Yes, but that’s just the start of it. Worth reading in full.

Scott Galloway on Corona Corps

Scott Galloway is one of my favourite commentators on the tech industry. But he’s also good on politics — as well as being very perceptive (and critical) on how universities in the US are swindling students during the pandemic. He has an intriguing blog post this week in which he advances an idea of how to marshal the students who are currently being cheated out of an education while also doing what needs to be done to bring the pandemic. It’s an idea borrowed from the Peace Corps of the 1960s.

The equation for flattening the curve is simple: Testing x Tracing x Isolation = Flattening. On the whole, unless you are a Floridian, Americans have answered the call to take up arms (distancing) against the enemy. Testing is still a sh*tshow, but private-sector leaders (Bezos, Bloomberg) are trying to fill the void of federal incompetence. The missing link may be tracing. We currently have approximately 2,500 tracers who focus mostly on STDs and food-borne illnesses. The amount of time, hours really, between someone coming into contact with the virus and being isolated is paramount. We need 100,000 to 300,000 tracers.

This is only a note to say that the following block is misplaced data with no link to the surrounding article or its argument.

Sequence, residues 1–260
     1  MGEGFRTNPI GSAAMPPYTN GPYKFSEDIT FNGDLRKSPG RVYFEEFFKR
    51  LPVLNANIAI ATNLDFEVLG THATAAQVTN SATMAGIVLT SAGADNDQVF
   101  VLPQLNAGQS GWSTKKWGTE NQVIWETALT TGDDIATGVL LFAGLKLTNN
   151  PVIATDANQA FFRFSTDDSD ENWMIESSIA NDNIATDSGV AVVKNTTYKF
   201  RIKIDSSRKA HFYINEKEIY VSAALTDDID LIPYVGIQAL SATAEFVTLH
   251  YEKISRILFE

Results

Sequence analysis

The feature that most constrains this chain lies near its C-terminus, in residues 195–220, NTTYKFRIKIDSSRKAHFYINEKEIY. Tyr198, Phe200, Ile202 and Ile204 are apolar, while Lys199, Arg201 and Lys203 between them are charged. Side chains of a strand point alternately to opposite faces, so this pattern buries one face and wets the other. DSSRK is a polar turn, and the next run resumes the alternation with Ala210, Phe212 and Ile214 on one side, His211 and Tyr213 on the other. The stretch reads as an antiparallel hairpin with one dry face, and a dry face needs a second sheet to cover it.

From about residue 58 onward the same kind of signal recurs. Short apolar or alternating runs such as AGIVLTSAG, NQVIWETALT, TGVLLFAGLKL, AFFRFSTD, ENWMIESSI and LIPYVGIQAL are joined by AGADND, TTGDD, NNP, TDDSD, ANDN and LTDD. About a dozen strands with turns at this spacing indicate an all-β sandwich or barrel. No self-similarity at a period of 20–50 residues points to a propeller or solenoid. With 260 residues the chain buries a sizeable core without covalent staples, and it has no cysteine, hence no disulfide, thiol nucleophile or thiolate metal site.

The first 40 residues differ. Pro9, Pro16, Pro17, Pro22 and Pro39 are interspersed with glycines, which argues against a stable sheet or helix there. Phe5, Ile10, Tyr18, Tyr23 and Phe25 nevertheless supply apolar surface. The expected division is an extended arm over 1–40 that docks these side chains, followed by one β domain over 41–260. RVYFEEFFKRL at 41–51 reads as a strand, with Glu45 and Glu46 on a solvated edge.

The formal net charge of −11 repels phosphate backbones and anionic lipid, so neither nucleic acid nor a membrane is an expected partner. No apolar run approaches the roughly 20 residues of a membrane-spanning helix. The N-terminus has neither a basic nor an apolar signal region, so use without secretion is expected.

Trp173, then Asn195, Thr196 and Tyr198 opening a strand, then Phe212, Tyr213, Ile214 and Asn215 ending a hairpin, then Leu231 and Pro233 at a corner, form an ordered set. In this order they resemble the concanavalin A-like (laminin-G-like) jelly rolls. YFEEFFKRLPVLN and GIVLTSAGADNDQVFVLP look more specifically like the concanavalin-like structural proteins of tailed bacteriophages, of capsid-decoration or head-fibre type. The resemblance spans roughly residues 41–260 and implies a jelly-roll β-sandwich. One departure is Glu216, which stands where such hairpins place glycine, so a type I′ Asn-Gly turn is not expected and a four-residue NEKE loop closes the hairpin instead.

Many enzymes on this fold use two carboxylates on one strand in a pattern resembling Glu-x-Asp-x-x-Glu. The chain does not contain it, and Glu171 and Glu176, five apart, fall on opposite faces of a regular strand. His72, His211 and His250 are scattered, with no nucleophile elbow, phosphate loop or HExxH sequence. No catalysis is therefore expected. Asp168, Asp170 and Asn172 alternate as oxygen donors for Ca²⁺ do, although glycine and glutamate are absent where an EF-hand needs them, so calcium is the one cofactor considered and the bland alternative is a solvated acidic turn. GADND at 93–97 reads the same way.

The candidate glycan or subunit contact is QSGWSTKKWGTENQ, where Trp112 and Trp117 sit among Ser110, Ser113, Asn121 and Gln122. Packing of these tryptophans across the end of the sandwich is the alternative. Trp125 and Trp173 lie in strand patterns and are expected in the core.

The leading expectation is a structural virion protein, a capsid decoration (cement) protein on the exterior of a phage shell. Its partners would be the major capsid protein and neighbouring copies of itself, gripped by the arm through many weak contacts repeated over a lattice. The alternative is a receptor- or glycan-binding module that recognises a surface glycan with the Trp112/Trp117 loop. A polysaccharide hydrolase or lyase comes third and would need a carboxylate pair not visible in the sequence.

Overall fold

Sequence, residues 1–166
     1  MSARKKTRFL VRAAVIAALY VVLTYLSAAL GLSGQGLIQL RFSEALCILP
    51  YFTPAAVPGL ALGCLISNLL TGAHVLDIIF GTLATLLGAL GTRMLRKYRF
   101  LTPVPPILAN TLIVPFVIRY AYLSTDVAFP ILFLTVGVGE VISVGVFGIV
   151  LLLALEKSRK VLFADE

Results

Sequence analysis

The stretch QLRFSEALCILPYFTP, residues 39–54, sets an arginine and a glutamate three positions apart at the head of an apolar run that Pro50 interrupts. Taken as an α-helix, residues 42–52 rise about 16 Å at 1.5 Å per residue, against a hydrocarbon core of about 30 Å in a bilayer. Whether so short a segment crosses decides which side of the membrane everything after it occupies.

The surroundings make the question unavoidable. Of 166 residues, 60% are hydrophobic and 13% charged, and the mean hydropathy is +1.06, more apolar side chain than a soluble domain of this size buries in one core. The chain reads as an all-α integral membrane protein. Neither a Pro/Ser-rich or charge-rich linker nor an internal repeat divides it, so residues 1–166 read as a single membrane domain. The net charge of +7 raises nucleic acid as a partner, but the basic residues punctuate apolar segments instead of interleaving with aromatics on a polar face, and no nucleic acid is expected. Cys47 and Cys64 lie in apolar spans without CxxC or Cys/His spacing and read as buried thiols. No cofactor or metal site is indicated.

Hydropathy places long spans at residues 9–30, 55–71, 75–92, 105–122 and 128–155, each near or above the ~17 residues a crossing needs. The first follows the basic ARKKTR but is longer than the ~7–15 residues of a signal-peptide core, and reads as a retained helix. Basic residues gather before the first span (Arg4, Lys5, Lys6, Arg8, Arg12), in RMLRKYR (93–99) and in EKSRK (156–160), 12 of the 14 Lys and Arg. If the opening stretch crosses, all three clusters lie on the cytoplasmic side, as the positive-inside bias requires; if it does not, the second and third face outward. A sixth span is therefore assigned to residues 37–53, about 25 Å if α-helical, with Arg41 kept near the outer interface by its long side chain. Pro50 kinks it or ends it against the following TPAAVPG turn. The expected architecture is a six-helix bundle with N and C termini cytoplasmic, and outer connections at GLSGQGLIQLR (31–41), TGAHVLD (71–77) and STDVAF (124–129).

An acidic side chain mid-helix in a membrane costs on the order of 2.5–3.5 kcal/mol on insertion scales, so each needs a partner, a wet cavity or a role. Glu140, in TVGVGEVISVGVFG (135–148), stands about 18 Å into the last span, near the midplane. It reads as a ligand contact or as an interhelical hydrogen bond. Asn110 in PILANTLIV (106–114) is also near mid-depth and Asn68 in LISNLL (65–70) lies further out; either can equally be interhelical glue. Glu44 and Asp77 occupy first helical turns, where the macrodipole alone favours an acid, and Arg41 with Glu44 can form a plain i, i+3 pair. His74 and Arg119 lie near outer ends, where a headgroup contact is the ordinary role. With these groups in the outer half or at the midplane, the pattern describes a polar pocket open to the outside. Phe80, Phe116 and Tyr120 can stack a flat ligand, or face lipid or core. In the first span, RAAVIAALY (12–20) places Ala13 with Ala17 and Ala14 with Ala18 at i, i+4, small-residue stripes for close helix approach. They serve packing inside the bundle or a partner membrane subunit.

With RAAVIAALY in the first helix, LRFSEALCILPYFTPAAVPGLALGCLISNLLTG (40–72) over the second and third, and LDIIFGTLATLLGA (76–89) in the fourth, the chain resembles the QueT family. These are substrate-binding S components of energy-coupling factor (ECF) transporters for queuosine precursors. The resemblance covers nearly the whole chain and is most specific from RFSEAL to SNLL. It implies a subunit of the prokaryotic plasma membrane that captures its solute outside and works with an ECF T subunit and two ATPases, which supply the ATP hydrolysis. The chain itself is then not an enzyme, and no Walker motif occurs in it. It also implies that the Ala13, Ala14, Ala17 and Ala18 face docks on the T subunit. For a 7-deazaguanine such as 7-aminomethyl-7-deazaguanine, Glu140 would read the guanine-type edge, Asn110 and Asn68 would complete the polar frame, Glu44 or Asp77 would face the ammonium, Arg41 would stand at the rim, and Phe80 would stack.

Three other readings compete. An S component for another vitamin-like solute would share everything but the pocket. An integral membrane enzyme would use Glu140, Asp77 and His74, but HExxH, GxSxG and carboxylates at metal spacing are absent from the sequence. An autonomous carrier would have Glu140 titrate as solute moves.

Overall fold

As he puts it, “An Army Stands Ready”. Kids shouldn’t be going to college until the virus has been brought under control. They should all have a gap year — but one spent doing something that is socially useful: working on testing and tracing in the Corona Corps. Just like the Peace Corps back in the day.

This fall, 4 million kids are supposed to show up on campuses around the nation. I have 280 kids registered for my fall Brand Strategy class. I don’t believe it’s going to happen. The thought of 280 kids sitting elbow to elbow in a classroom presents our trustees with a challenging scenario.

Gap years should be the norm, not the exception. An increasingly ugly secret of campus life is that a mix of helicopter parenting and social media has rendered many 18-year-olds unfit for college. Parents drop them off at school, where university administrators have become mental health counselors. The structure of the Corona Corps would give kids (and let’s be honest, they are still kids) a chance to marinate and mature. The data supports this. 90% of kids who defer and take a gap year return to college and are more likely to graduate, with better grades. The Corps should be an option for non-college-bound youth as well.

Other, hopefully interesting, links

  • Joe Biden went out cycling today. A man after my own heart. Link

  • New device puts music in your head — no headphones required. Yeah, I know, I’m a gadget freak, but this is interesting. Link. There’s a video aimed at sceptics (I think).

  • China congratulates Joe Biden on being elected President. Interesting: they must know something the Republicans don’t. Link.